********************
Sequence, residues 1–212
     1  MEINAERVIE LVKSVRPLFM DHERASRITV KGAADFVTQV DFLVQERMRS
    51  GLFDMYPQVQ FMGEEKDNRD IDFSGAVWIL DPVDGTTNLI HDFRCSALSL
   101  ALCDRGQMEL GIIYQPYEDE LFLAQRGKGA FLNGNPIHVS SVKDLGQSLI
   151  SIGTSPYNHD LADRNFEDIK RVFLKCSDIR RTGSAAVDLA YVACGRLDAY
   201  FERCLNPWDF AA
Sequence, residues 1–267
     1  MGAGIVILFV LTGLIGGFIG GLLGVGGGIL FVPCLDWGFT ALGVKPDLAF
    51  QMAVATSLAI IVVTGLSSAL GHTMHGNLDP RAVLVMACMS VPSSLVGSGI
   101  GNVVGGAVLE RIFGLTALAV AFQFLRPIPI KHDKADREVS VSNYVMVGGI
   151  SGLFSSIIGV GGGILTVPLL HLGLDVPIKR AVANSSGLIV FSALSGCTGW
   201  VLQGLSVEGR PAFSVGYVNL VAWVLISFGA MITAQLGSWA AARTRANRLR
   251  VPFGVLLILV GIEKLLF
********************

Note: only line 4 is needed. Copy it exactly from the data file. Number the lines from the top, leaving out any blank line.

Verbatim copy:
   101  ALCDRGQMEL GIIYQPYEDE LFLAQRGKGA FLNGNPIHVS SVKDLGQSLI